Several news outlets are reporting on this story this week:

Several of these reports reference a plan released by the governor's office: "Massachusetts 2050 Decarbonization Roadmap" (pdf). This is not legislation or an executive order, and even if it were, it doesn't appear to say anything about vehicle sales in 2035.

Digging deeper, a press release from the governor's office accompanying release of the plan does include this paragraph (emphasis added):

The transportation sector highlights a renewed focus on the deployment of electric vehicles with new, nation-leading state and regional programs including the Transportation and Climate Initiative Program. Building on that progress, Massachusetts will join California in requiring that by 2035, 100% of new light-duty vehicles sold in the Commonwealth are zero emission vehicles (ZEVs) support the continued build-out of statewide charging infrastructure, including additional consumer incentives for residential EV charging systems.

There are obviously some words missing between "(ZEVs)" and "support," but again, not enough to explain how this requirement will be implemented. The press release only references the plan, and there is no mention of legislation, an executive order, what office will be working on this, or where to find more detail.

Is there more detail somewhere? How will the Mass. government implement a ban on sales of non-zero emitting vehicles?

  • Why would it not work the same way the present ban on sales of vehicles that don't meet current emissions standards works?
    – jamesqf
    Jan 9, 2021 at 19:14
  • @jamesqf if it did, that would answer my question, but I couldn't find any indication of how it works.
    – LShaver
    Jan 10, 2021 at 15:34

1 Answer 1


Massachusetts will adopt California's regulations, which have the same effect

Relevant fine print in the PDF report linked in the question (direct link) states:

Massachusetts does not have independent authority to regulate vehicle fuel efficiency or tailpipe emissions. However, under a federally granted waiver, California may issue such regulations for vehicles sold in that state, and under the provisions of Section 177 of the U.S. Clean Air Act, other states can adopt California vehicle emissions standards in lieu of otherwise applicable federal fuel efficiency requirements. Massachusetts is required by law (M.G.L. 111§142K) to adopt California’s vehicle emissions regulations if they are more stringent than the federal standards.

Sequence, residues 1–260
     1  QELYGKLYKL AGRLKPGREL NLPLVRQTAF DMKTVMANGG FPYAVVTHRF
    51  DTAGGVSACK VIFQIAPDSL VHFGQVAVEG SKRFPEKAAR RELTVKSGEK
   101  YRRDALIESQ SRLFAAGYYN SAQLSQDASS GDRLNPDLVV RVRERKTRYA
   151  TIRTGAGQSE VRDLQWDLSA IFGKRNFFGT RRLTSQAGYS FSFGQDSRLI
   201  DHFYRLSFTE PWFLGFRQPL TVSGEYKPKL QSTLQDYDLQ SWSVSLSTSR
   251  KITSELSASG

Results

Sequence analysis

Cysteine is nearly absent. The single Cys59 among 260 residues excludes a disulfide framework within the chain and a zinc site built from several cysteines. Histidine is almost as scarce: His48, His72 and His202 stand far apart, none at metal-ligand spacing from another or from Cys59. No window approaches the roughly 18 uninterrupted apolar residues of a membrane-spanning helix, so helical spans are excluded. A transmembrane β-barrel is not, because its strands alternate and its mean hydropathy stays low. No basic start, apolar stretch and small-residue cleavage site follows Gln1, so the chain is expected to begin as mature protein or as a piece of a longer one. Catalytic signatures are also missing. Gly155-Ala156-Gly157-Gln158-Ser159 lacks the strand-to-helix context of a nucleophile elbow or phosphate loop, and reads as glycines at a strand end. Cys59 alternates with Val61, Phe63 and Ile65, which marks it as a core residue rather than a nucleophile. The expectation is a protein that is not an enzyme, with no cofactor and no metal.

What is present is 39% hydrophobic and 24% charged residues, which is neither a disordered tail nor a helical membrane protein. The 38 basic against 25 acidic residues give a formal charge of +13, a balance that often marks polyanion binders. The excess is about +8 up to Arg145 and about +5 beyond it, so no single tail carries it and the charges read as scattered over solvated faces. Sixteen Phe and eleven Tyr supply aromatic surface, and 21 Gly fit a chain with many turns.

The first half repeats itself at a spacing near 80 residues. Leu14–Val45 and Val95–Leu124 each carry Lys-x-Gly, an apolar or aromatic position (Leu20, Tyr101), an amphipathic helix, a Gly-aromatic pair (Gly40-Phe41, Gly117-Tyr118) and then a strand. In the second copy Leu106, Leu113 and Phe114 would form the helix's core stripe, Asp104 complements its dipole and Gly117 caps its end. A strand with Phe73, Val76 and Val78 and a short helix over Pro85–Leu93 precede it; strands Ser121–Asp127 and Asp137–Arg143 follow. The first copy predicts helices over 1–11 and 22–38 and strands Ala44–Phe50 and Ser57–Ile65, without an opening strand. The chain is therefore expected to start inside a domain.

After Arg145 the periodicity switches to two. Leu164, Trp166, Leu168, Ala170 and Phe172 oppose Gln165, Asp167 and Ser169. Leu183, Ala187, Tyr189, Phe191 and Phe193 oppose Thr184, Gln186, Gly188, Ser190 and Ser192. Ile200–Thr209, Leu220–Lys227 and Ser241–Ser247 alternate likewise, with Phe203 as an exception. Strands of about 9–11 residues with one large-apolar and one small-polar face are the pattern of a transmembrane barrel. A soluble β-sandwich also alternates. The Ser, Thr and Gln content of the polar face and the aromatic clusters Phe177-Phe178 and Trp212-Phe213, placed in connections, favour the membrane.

(emphasis mine)

The Massachusetts General Law (M.G.L) in pertinent part (M.G.L. 111§142K) states:

the department of environmental protection, hereinafter referred to as the department, shall adopt motor vehicle emissions standards based on the California's [sic] duly promulgated motor vehicle emissions standards of the state of California unless, after a public hearing, the department establishes, based on substantial evidence, that said emissions standards and a compliance program similar to the state of California's will not achieve, in the aggregate, greater motor vehicle pollution reductions than the federal standards and compliance program.

(emphasis also mine)

As noted in this press release from the California Governor's office, the California Air Resources board will develop regulations which "mandate that 100 percent of in-state sales of new passenger cars and trucks are zero-emission by 2035".

The law in question is quite clear - if California adopts a stricter emissions standard compared to the federal level (final determination of this lies in the government department mentioned in my last quote above, via public hearing), the Massachusetts Department of Environmental Protection must adopt those exact standards.

  • Interesting. So even without the MA roadmap, this legislation would have gone into effect in MA? Meaning, the governor didn't actually do anything here, but it is taking credit for it?
    – LShaver
    Jan 10, 2021 at 15:36
  • @LShaver The law in question appears to date from the 1990s (due to its reference to car model years in that range), so yes to your question above (provided the law was not introduced as a result of the roadmap in question)
    – anon
    Jan 10, 2021 at 15:39

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